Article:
Students Hangry at CUNY Cafeteria Still Shut Two Years After Return to Class
Hostos Community College students are entering their second year of in-person classes. But they still have to go off-campus for food.
The cafeteria at Hostos Community College closed when the pandemic shut down New York. Nearly three years later, it remains shuttered — and hungry students who have returned to campus want it back.
Hostos students demanded the college reopen its school cafeteria on Wednesday at a rally inside a campus building, saying their waning energy levels due to lack of access to nutrition on campus have made it harder to get through classes.
The cafeteria has been closed since spring 2020 when the COVID-19 struck New York.
Students at the rally at the Bronx school said the closure limits available healthy options. Their alternatives include fast food restaurants on the often busy 149th Street and Grand Concourse in Mott Haven, bodegas, a popular halal cart in front of the campus or whatever’s available in the nearest vending machine.
“The vending machine is not enough. You can’t put no sandwich in the vending machine,” said 22-year-old radiology student Sulenny Dominguez, one of the rally’s organizers, who added that they had to face combative campus security guards that stood outside the dining hall as students sat with rally signs.
The students protesting had previously been asked to leave a different campus building by security as they marched and protested. “If you don’t have a full stomach, you don’t have a happy heart.”
A Hostos spokesperson said the cafeteria will reopen in the coming spring 2023 semester and that its procurement office is in the final stages of solidifying a contract with a food service vendor, attributing the holdup to the previous one leaving much of the equipment in the cafeteria in poor working condition.
Students currently have a space to eat in the dining hall that’s connected to the closed cafeteria.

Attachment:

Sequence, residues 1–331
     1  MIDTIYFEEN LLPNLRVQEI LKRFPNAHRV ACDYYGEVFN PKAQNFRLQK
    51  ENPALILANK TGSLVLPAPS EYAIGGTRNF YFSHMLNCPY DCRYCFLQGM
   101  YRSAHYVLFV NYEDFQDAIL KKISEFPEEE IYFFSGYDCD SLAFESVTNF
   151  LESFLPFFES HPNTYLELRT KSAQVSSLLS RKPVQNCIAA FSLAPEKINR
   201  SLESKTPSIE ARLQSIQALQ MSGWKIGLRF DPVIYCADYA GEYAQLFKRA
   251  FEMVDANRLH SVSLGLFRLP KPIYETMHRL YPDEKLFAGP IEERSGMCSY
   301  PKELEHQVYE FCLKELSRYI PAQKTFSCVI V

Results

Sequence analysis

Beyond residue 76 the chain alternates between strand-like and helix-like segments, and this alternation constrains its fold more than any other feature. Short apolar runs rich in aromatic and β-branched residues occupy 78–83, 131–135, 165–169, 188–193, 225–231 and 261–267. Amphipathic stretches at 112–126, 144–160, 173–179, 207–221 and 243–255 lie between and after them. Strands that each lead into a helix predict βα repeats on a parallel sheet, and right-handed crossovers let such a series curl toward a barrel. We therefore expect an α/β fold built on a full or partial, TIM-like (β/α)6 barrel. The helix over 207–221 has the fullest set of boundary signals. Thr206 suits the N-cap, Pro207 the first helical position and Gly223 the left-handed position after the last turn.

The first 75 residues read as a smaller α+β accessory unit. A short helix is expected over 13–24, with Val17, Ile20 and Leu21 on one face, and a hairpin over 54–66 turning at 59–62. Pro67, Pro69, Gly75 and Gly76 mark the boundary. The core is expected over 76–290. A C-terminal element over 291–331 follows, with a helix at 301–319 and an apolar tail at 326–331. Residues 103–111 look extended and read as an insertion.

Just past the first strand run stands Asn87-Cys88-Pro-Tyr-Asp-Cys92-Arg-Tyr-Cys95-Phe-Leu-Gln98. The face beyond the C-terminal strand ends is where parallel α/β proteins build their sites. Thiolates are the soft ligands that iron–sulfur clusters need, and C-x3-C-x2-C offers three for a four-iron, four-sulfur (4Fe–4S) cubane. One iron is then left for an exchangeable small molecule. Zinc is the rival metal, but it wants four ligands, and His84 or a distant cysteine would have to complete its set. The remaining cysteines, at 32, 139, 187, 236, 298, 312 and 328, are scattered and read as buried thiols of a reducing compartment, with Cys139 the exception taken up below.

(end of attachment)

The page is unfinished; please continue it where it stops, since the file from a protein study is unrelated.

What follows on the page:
“Hostos Community College makes the health and well-being of its students a high priority. Despite many challenges during the past two years, the College has gradually re-opened many crucial services for its students,” said spokesperson Diana Kreymer, highlighting interim microwave ovens and vending machines that have hot coffee and tea, salads, hot sandwiches and breakfast foods.
“During each phase of the College’s re-opening, the seating area in the cafeteria was accessible, for both day and evening students, who brought their meals to campus,” she said. “We look forward to working with a vendor to secure food service in the near future.”
Kreymer added that the demand for on-campus food services was not high pre-pandemic, as students preferred to bring food from home or grab meals from fast food restaurants nearby, resulting in vendors losing money.
No Time, No Food
Complaints have piled up in recent months for CUNY schools, especially in the borough. Bronx Community College has had issues heating its buildings and both students and faculty have criticized the university’s Covid protocols that disallow testing at non-CUNY sites.
Mariam Ouederaogo, a 23-year-old liberal arts student who attended Wednesday’s rally, has two early afternoon classes that are only half an hour apart. The limited time to have lunch would be easier with a nearby cafeteria, she said, but she has to leave campus for meals.
“I don’t have enough time to sit and eat,” she said. “I’m usually late for class.”
Food insecurity can lead to academic difficulties for students in the classroom, according to a survey from Healthy CUNY and the CUNY Graduate School for Public Health and Public Policy published in 2018. About one in five CUNY undergraduate students experience food insecurity, the survey found.
That study measured students’ level of food insecurity based on campuses that had access to a full cafeteria. While it underlined that lack of money is a major reason for the insecurity — campus cafeterias don’t offer free food — students also reported having gone hungry for lack of convenient access to meals.
Michael Partis, executive director of The Bronx Cooperative Development Initiative, a local economic development organization, told THE CITY Hostos has “a tremendous opportunity” to “reimagine, especially at a public university, what is our relationship to food,” including prioritizing ethically and locally sourced food and Bronx businesses.
“This could be an opportunity for that instead of going with a major corporation,” said Partis, noting that limited contract visibility, months-long delays in payments and expensive liability insurance often limits small businesses from obtaining contracts with large institutions like CUNY.
Partis added that the contract could be an opportunity for what BCDI calls economic democracy, building wealth for Black and Brown Bronxites and a system where they begin to scale up food supply and source local vendors who could reinvest in workers in a “cooperative system.”
Students and faculty alike suggested solutions. Liberal arts major Allan Casas, 23, proposed an on-campus garden big enough to feed campus-goers. And both Partis and math professor Lauren Wolf pointed to community kitchens.
“What I’d like to see, ideally, is a mutual aid kitchen to come in here and feed our students,” Wolf said.